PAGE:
WikiLeaks has released hundreds of documents from the US embassy in Sana’a, Yemen, revealing details of America’s multi-million dollar military support for the government of the volatile country.
The ‘Yemen Files’ consist of more than 500 documents, dating between 2009 and March 2015, covering both Hillary Clinton's term as Secretary of State and the first two years of John Kerry’s term.
A Department of Defense powerpoint presentation dated August 2010, which is revealed in the dump, lays out a detailed plan for equipping the Yemeni government with arms through the US Foreign Military Financing (FMF) program and other “security assistance programs”.
Several slides warn against becoming trapped in an expensive cycle where the Yemeni government keep buying and receiving “shiny new toys”, leading to mounting costs for the US.
The expense of buying these “shiny new toys” is one thing, but that initial outlay is then followed by increasing expenses on the training, maintenance and upgrades required to use them.
The goals outlined in the document were to make Yemen “a stable state where violent extremists cannot operate” and “to limit the regional impacts of terrorism, trafficking and piracy.”
The estimated total cost of the weapons to be supplied to the Yemeni government is $147 million. Some $99 million of that was earmarked for a “counterterrorism aviation support” package, $41 million was for the Yemeni Navy for “operations support and capacity building” and a further $7 million allocated for a “counterterrorism direct action force support” package.
The packages include a number of aircraft, patrol boats, weapons and support as well as on-site US training and assistance teams and even two English-language labs.
The document repeatedly notes the key risk of supplying Yemen with weapons is that the arms could potentially be used “for other purposes counter to US interests,” such as against Houthi rebels in northern Yemen, or secessionists in the south of the country.
It notes that “given the state of the Yemen economy” almost all of the money spent bolstering the Yemeni military is given in non-repayable loans from US government funds.
The documents says that between 2002 and 2008, the US gave the Yemeni government over $105m worth of weapons such as military trucks, machine guns, ammunition, armored personnel carriers and boats through non-repayable grants and donations.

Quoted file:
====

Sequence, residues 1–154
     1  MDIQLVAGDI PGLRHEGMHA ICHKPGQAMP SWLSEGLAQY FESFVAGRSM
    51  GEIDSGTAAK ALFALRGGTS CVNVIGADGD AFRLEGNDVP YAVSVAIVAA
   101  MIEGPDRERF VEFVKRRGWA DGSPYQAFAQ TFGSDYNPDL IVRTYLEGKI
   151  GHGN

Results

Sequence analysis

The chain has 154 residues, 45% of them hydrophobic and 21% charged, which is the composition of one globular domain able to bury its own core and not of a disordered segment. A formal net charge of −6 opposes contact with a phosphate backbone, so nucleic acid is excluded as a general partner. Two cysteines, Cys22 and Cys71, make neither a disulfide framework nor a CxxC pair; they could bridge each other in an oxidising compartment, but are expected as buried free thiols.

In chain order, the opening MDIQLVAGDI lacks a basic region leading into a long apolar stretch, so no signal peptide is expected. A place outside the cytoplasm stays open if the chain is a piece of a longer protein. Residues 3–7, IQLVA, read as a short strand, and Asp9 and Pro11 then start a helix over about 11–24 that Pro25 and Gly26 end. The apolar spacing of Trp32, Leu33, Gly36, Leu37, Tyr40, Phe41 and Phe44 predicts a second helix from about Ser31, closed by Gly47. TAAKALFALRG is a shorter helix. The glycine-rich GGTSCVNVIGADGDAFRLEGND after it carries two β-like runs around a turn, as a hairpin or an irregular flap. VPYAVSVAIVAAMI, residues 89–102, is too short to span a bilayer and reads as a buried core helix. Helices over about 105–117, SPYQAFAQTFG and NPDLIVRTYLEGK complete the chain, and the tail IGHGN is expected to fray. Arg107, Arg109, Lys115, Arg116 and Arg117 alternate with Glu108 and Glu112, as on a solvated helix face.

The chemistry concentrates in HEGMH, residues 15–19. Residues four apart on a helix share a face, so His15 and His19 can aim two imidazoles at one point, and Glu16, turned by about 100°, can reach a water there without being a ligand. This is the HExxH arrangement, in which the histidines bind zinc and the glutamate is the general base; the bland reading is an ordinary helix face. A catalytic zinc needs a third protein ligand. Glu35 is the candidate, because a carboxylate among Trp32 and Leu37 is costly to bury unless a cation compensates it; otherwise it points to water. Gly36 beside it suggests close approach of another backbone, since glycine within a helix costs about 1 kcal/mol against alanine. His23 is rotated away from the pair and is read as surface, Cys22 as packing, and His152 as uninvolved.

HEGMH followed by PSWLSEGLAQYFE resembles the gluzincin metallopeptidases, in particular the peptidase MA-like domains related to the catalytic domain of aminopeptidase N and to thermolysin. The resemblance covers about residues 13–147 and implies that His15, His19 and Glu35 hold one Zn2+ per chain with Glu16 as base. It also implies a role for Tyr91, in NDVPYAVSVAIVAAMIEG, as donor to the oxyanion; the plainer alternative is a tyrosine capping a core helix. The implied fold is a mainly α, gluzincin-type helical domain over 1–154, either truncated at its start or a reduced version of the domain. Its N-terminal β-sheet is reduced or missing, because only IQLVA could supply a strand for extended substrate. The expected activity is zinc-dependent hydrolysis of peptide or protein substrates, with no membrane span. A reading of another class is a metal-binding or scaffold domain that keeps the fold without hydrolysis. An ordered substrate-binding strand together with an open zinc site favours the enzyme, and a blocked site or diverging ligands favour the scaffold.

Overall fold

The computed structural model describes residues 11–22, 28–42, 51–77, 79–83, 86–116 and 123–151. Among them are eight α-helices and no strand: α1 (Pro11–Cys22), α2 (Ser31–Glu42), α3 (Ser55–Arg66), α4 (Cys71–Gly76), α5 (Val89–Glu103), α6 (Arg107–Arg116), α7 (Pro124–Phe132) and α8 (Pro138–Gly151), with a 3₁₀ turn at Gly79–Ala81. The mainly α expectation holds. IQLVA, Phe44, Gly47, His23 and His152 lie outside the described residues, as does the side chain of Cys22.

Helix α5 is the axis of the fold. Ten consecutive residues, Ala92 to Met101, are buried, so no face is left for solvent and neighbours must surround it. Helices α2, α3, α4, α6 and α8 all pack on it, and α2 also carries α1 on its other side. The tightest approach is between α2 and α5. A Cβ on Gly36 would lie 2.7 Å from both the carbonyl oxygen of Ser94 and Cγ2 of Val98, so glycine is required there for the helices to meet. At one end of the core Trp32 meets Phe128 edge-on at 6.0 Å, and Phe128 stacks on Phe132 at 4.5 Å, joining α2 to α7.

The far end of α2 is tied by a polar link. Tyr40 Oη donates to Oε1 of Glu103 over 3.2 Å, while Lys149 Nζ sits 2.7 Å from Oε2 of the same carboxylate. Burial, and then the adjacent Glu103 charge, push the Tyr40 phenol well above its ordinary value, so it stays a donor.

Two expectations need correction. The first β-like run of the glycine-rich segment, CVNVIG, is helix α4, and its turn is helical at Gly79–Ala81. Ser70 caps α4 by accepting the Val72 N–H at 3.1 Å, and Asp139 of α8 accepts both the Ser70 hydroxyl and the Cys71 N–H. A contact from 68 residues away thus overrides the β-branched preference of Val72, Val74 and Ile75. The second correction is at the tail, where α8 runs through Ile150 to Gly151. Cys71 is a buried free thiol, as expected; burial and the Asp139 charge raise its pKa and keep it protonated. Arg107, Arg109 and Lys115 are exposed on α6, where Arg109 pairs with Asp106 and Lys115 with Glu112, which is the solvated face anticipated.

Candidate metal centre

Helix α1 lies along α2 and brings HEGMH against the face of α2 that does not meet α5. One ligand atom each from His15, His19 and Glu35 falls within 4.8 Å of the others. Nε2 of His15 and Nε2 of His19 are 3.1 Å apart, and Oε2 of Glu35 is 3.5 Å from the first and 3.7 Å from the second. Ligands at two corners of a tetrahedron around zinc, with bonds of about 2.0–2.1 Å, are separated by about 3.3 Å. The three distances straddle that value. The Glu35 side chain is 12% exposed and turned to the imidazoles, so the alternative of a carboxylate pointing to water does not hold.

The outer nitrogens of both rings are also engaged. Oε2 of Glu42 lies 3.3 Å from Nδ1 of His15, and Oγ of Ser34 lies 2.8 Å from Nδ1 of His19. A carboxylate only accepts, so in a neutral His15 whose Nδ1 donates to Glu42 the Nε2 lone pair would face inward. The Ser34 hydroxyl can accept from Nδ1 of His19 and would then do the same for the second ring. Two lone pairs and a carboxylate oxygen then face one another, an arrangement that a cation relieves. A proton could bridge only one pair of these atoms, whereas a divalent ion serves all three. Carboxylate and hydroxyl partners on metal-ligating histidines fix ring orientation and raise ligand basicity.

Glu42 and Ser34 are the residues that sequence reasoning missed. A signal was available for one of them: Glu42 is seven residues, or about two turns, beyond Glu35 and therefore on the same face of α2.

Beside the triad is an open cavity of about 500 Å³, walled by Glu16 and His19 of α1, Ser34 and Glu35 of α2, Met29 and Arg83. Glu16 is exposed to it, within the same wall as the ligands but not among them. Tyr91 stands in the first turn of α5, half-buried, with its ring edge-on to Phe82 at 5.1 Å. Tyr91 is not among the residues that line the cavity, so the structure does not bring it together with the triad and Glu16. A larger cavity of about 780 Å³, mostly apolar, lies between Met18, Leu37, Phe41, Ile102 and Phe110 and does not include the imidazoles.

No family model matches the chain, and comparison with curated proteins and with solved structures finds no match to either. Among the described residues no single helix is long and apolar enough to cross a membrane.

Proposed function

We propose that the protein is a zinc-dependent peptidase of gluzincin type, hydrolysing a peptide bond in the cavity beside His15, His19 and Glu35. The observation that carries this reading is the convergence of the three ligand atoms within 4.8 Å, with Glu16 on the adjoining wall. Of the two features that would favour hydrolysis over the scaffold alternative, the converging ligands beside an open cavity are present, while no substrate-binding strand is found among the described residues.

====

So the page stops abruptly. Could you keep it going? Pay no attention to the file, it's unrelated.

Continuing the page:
The presentation discusses the International Military Education and Training (IMET) program which sends 20-25 Yemeni military students to various military schools in the US. The program is funded to the tune of about $1 million per year and is considered a very effective return on investment “for advancing US diplomatic or policy goals”.
In a statement accompanying Friday’s release of documents, WikiLeaks founder Julian Assange said: "The war in Yemen has produced 3.15 million internally displaced persons. Although the United States government has provided most of the bombs and is deeply involved in the conduct of the war itself, reportage on the war in English is conspicuously rare."
‘Shiny new toys’: WikiLeaks reveals US plan to give $147mn in military hardware to Yemen 25 Nov, 2016
Yemen is of significant strategic interest as Yemen controls a narrow choke-point to the Red Sea and the Suez Canal through which 11% of the world's petroleum passes each day. In addition, Yemen borders Saudi Arabia (to the north) and Oman (to the east) and has access to the Arabian Sea, through which another 20% of the world's petroleum passes from the Strait of Hormuz (including the oil of Saudi Arabia and Iran). Saudi Arabia seeks to control a port in Yemen to avoid the potential constriction of its oil shipments by Iran along the Strait of Hormuz or by countries which can control its other oil shipment path along the Red Sea.
The Yemen Files offer documentary evidence of the US arming, training and funding of Yemeni forces in the years building up to the war. The documents reveal, among other things, procurement of many different weapon types: aircraft, vessels, vehicles, proposals for maritime border security control and Yemeni procurement of US biometric systems.
A US presence remained in the country until February 2015, when the US closed its embassy due to the continuing unrest between different factions in the country. The war broke out a month later.
Yemen Files 25 November 2016